The Russian government is supporting operations that impersonate international media outlets as part of its disinformation campaigns, which have become more sophisticated and active since its invasion of Ukraine, according to a European Union study.
Print and TV media are the most frequent targets of Moscow’s impersonation, with magazines seeing their entire style copied by Russian actors to give legitimacy to the content, in particular when targeting Ukraine, said a report on foreign information manipulation published Tuesday by the E.U.’s External Action Service.
The study cited four incidents where fake cover pages imitating the visual style of European satirical magazines were created to attack Ukraine and President Volodymyr Zelenskyy. Two videos imitated Al Jazeera and Euronews, claiming that Ukrainian football fans were detained in Doha because of Nazi behavior during the World Cup, and that a German auction house was going to destroy Russian artworks. The content was rapidly picked up and amplified by channels attributed to Russian state-linked outlets, the report said.
“This war is not only conducted on the battlefield by the soldiers, it is waged in the information space trying to win the hearts and minds of the people,” EU foreign policy chief Josep Borrell said in a speech Tuesday. “We have plenty of evidence that Russia is behind coordinated attempts to manipulate public debates in open societies.”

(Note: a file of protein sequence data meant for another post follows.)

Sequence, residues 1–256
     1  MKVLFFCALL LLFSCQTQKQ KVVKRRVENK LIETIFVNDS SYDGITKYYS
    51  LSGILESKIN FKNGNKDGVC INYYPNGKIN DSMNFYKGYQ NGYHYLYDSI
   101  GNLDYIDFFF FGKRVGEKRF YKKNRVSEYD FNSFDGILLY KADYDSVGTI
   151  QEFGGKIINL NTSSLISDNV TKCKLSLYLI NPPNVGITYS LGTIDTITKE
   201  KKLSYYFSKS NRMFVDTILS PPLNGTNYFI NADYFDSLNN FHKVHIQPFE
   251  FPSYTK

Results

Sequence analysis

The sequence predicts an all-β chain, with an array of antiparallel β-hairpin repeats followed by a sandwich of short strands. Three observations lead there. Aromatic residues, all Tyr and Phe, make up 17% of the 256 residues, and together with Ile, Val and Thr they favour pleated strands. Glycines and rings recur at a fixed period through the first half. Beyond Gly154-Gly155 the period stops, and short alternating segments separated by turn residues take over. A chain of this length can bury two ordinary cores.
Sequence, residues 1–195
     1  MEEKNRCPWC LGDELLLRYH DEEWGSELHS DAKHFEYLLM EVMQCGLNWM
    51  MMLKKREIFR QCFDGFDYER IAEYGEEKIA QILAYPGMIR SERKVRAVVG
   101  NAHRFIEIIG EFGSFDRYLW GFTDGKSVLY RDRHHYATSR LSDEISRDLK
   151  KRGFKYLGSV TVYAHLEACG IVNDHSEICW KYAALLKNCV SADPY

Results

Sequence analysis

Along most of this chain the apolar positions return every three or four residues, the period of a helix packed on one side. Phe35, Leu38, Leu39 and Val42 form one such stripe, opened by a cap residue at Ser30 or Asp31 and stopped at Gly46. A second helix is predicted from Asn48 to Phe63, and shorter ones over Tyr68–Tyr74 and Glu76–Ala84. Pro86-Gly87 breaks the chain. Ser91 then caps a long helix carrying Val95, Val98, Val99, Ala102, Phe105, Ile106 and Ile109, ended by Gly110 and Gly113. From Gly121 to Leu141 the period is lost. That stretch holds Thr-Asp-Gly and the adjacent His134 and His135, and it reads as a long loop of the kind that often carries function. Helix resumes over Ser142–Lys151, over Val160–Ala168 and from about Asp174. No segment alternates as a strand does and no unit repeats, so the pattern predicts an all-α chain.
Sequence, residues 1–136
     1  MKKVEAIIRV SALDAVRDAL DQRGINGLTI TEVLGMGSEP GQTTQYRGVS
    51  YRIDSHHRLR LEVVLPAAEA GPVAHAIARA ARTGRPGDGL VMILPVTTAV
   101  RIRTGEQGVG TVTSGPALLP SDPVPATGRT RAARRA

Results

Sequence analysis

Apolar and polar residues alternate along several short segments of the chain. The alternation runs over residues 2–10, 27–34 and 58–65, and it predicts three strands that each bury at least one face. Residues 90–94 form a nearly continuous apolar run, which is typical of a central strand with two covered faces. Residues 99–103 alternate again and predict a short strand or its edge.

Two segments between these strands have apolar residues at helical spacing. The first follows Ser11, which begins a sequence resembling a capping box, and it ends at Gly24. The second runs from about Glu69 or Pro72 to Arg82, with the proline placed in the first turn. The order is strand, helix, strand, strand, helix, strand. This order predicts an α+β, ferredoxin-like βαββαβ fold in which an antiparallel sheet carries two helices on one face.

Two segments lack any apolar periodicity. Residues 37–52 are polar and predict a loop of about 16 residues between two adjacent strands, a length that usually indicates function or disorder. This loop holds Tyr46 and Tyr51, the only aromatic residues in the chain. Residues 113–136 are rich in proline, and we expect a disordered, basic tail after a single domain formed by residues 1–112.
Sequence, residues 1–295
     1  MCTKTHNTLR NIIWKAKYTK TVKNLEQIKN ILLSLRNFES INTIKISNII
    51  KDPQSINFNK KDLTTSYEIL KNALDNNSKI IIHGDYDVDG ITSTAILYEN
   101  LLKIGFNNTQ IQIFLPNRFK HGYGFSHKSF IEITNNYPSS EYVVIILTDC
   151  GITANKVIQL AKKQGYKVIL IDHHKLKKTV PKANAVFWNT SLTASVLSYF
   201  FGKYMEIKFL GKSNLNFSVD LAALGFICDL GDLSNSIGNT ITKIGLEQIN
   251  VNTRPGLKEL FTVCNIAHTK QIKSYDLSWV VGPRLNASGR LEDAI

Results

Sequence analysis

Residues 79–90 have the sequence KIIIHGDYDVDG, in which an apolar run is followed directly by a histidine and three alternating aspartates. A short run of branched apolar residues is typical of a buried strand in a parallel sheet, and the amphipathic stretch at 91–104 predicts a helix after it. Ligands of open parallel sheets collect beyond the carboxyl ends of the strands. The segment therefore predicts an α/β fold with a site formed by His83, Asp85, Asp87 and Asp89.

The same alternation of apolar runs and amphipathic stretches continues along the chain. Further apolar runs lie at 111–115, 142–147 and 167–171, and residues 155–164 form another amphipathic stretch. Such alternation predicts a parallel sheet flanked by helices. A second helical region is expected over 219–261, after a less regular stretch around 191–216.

The EU is struggling to counter Russian disinformation efforts, which officials have said is aimed at undermining the bloc’s unity in supporting Ukraine. As part of its efforts, the EU required major social media platforms to prepare reports on their efforts to comply with the bloc’s new code on disinformation, which will be released Thursday. Several commissioners in Brussels have been particularly critical of Twitter Inc’s new owner Elon Musk.
“I am concerned about the fact that Twitter fired a vast amount of staff in Europe, I understand also those who deal with disinformation,” European Commission Vice President Vera Jourova said in prepared remarks Tuesday. “If you want to effectively detect and take action against disinformation and propaganda, this requires resources. Especially in the context of Russian disinformation warfare.”
In the study released Tuesday, the E.U. agency analyzed a sample of 100 information manipulation cases between October and December. With 60 cases linked to the Russian invasion of Ukraine, Moscow’s aim is to distract audiences, deflect blame or direct attention to different topics, the report found.
Borrell likened the current actors behind information manipulation to Joseph Goebbels, Adolf Hitler’s chief propagandist, but with a lot more powerful capacity of multiplying lies at the “speed of light, reaching everyone everywhere.”
The report also found that Russian diplomatic channels are an integral part of information manipulation incidents, while China also uses diplomatic channels, mostly targeting the US.
The sample data set also indicates that there is some cooperation between Russian and Chinese information manipulation efforts. In one example, manipulation seen in Chinese networks, amplified by Chinese diplomatic accounts and state-controlled channels, traveled to Russian networks for reuse and redistribution. Chinese state outlets and diplomats, meanwhile, amplified material that originated from the Russian information manipulation ecosystem.